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Law - Piercing the corporate veil

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Introduction

Piercing the corporate veil Since the establishment in Salomon v Salomon, the separate legal personality has been long recognised in English law for centuries, that is to say, a limited liability company has its own legal identity distinct from its shareholders or directors. However, in certain circumstances the courts may be prepared to look behind the company at the actions of the directors and shareholders. This is known as "piercing the corporate veil". There are numerous cases concerning the "piercing the corporate veil", among which, Jones v Lipman1 was a typical case. Lipman sold land to Jones by a written contract but refused to complete the sale because of another good deal, instead he offered damages for breach of contract. ...read more.

Middle

Unknown to him, the Welwyn had already transferred its assets to Breachwood and had been struck off the register of companies. In the transfer, Breachwood paid all of the Welwyn's debts but did not provide any provision for future possible claims. Breachwood then carried on Welwyn's former business from the same premises as before. Although Breachwood claimed that it was not liable to pay the compensation to Creasy because Welwyn and Breachwood were separate legal entities. The court pierced the corporate veil "in the interests of justice" and determined that Breachwood was prima facie responsible for payment of the compensation. Unfortunately, the decision of Creasy v Breachwood was recently reversed by the House of Lords in Adams v Cape Industries Ltd.3 In that case, factory workers from one subsidiary ...read more.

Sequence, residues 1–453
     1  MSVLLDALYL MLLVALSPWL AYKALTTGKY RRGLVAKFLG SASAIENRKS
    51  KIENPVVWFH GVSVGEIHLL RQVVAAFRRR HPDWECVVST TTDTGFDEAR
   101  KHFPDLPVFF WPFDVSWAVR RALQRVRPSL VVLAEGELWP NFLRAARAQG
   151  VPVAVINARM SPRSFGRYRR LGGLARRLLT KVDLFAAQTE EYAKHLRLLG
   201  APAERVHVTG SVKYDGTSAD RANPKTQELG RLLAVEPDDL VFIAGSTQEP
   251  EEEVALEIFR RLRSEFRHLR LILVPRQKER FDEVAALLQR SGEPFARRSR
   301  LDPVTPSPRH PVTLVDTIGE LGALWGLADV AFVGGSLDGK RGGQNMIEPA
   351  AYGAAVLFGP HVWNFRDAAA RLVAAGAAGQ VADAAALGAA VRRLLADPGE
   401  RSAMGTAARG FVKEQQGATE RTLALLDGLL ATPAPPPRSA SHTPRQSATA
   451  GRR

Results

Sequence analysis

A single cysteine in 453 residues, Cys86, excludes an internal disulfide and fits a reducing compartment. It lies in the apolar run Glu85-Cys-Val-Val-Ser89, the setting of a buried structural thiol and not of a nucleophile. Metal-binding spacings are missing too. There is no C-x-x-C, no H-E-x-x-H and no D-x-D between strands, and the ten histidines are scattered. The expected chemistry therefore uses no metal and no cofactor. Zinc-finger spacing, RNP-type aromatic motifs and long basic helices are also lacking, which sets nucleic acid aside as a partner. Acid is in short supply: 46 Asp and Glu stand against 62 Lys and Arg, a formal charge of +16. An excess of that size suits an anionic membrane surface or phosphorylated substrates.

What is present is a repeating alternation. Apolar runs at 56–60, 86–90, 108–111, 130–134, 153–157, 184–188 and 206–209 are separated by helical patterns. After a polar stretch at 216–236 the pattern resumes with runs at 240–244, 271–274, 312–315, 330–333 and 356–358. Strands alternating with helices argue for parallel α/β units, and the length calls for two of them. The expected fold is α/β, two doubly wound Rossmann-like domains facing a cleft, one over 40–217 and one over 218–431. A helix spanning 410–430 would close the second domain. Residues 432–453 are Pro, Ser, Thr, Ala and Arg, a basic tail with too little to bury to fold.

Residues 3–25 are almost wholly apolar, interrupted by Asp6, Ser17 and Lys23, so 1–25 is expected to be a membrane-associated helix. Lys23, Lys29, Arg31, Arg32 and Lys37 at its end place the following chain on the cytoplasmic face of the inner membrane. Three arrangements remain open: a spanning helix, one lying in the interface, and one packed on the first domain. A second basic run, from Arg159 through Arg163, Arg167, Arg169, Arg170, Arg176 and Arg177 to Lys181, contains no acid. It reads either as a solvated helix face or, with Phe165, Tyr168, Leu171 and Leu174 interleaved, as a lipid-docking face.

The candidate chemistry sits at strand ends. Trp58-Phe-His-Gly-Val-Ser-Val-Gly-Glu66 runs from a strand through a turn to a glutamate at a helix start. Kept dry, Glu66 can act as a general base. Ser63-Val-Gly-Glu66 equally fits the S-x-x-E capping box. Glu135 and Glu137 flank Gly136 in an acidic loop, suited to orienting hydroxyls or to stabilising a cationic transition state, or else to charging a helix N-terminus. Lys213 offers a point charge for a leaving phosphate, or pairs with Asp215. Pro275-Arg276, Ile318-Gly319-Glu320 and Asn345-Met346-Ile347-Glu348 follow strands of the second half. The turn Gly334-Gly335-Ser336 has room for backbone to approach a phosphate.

Conclusion

Trustor commenced proceedings against both Mr Smallbone and Introcom to recover the money and seek an order that Mr Smallbone should personally repay the monies to Trustor although it was Introcom rather than Mr Smallbone had received the monies. The court decided that it was entitled to regard the receipt of the monies by Introcom as receipt by Mr Smallbone because Introcom had been used by Mr Smallbone simply as a vehicle for the receipt of Trustor's money. The effect of the judgement is to "pierce the corporate veil". The conclusion which we can draw from those cases are that where a company is simply a facade, or there has been impropriety, the court will be rightly prepared to "piercing the corporate veil". 1 [1962] 1 WLR 832 2 [1993] BCLC 480 3 [1990] 2 WLR 657 ...read more.

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